Why won't my key lime pie recipe work with grapefruit juice?
Ok chowhounders, maybe you can figure this out. I make a key lime pie with sweetened condensed milk, 3 eggs and 1/2 cup of lime juice.
This is the recipe:
KEY LIME PIE
1 EA 9” graham cracker pie shell
1 EA 14 oz. can sweetened condensed milk
3 EA egg yokes (whites not used)
½ cup key lime juice (I use Nellie & Joes brand)
Preheat oven to 350 degrees F
Combine milk, eggs and lime juice.
Blend until smooth
Pour filling into pie shell and bake for 15 minutes.
Let cool on a baking rack for at least 10 minutes before refrigerating.
Just before serving, top with whipped cream.
I have tried experimenting with different juices. I used persian lime juice and lemon juice and it worked fine. I liked the key lime juice better but the pie worked just as the original did.
I tried strawberry nectar and the pie didn't set. I figured, well, it has to be citrus juice so I tried ruby red grapefruit juice. It didn't set. It stayed liquid. The grapefruit juice is 100% grapefruit juice.... no cocktails or 30% juice or anything like that.
Does anybody have any theories as to why the pie didn't set?
I don't know for sure but I think it has something to do with the acid content of the citrus juice. Both lemon and lime juice are so strong that if you are going to drink it (lemonade/limeade) you have to add a sweetener and about 3 times as much water as there is juice. When you drink orange or grapefruit juice, water isn't added. I think the extra water made it so it wouldn't set up. There must be baking experts out there that know for sure.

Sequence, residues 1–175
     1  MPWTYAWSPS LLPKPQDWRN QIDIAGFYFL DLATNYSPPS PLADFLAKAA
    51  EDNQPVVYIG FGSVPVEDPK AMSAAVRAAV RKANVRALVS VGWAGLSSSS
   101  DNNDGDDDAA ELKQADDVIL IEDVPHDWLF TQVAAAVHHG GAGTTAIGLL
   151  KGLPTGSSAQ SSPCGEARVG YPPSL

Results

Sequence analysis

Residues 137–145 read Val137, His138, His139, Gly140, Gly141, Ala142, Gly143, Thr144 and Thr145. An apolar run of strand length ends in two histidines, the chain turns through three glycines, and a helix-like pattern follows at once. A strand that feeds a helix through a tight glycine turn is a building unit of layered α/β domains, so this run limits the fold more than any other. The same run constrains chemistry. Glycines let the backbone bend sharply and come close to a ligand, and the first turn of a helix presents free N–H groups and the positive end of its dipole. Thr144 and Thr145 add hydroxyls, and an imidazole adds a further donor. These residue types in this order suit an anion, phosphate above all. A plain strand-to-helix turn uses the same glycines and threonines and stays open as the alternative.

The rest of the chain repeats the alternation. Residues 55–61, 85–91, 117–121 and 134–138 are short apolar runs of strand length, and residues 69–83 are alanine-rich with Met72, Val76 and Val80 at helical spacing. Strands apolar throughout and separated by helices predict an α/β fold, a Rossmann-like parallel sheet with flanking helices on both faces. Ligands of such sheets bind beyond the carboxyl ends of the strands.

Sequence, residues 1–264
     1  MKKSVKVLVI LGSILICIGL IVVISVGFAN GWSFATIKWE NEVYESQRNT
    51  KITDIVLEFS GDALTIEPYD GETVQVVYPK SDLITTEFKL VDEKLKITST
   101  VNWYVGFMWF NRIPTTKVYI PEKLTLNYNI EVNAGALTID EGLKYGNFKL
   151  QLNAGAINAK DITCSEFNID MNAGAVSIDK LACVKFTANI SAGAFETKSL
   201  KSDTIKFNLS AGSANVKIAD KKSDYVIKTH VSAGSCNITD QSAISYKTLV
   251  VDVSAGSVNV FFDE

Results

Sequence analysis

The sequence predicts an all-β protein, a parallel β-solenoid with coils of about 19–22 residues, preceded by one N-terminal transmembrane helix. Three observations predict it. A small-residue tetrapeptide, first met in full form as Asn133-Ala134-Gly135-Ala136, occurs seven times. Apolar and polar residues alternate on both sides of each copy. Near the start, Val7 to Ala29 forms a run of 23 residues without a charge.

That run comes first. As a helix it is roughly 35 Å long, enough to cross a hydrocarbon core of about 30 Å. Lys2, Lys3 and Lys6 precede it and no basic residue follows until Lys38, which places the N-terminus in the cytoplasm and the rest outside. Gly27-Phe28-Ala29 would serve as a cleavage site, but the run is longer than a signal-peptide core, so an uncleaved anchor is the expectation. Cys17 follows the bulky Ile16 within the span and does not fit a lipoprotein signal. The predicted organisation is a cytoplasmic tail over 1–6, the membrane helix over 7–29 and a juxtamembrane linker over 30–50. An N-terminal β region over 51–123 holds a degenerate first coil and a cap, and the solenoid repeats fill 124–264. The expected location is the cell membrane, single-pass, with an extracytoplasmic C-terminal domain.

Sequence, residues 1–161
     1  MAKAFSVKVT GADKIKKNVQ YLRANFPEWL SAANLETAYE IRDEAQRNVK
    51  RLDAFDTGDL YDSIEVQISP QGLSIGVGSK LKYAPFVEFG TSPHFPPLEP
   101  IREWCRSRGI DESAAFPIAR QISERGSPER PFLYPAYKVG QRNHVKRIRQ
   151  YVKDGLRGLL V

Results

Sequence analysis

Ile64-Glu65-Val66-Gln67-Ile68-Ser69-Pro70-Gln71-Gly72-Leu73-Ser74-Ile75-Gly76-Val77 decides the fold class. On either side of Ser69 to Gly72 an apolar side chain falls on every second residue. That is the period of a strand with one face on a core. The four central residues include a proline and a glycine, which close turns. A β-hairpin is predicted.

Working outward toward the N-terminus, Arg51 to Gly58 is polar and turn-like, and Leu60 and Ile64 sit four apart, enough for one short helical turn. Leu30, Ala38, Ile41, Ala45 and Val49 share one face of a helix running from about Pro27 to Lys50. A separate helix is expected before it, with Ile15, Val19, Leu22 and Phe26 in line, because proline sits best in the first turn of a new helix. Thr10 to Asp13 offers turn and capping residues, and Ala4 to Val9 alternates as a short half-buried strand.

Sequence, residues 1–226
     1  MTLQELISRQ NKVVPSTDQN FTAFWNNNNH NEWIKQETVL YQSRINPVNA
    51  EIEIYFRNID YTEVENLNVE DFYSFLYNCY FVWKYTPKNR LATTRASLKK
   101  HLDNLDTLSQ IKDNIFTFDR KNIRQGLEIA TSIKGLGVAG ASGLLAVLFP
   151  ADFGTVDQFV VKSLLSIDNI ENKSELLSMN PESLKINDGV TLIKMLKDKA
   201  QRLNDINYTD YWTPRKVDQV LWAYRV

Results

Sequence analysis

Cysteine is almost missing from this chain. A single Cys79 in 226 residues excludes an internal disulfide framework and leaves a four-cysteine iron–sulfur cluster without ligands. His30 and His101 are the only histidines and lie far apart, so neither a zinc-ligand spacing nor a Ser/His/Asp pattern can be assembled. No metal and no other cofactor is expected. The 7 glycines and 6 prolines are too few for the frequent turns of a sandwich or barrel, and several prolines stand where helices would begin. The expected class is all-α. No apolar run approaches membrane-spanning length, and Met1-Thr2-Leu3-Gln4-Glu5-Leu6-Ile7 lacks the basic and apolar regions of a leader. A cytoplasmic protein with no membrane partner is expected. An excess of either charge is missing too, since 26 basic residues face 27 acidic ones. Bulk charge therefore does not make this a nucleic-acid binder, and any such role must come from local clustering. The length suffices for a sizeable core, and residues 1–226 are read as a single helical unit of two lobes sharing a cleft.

re: John E.
Well, I know about baking and I'm thinking the following: it is the low acidity of the grapefruit that's the problem, which is much less than lemons and certainly key limes. All recipes I have for anything lemon/lime warn against using grapefruit juice as a sub, and recommend using orange juice instead, which has a higher acidity than grapefruit. Same problem with the strawberry nectar, I believe, low acidity. Sugar + acidity + egg yolks = coagulation = pie setting up.
The juice should be added to the egg yolks after the sugar, or in your case, the condensed milk, as there is a coagulation issue with the acidic juice and egg yolks; in other words, mix the egg yolks and sugar first, then add the juice. But I don't think that's the problem, it's just the lower acidity of the grapefruit juice.
What you could do is make a grapfruit curd and fill the tart shell with it, then top with a meringue, if that's your style, or not.
Here's a link for a grapefruit meringue pie; the filling is essentially a grapefruit curd:
So, God bless you for trying but it just won't work.
It isn't real huge priority for me to make a pie based on grapefruit juice, I was just experimenting. I'm not even that wild about grapefruit juice.
I wonder if I added cream of tarter. Wouldn't that make it more acidic?
I do find it interesting that I got 2 responses in about 30 minutes.
" interesting that I got 2 responses in about 30 minutes."
Because it's late and most people, except me, are sleeping on the East coast, anyway. Are you referring to the fact that you got responses at this hour? Maybe it was the subject matter, it caught my eye. I'm a sucker for baking issues.
I don't think cream of tartar will do it, but try, let us know what happens, or I would go this route: add ascorbic acid; you have tablets of vitamin C kicking around the house, crush up a just a little and raise the acidity of the juice. Works for me.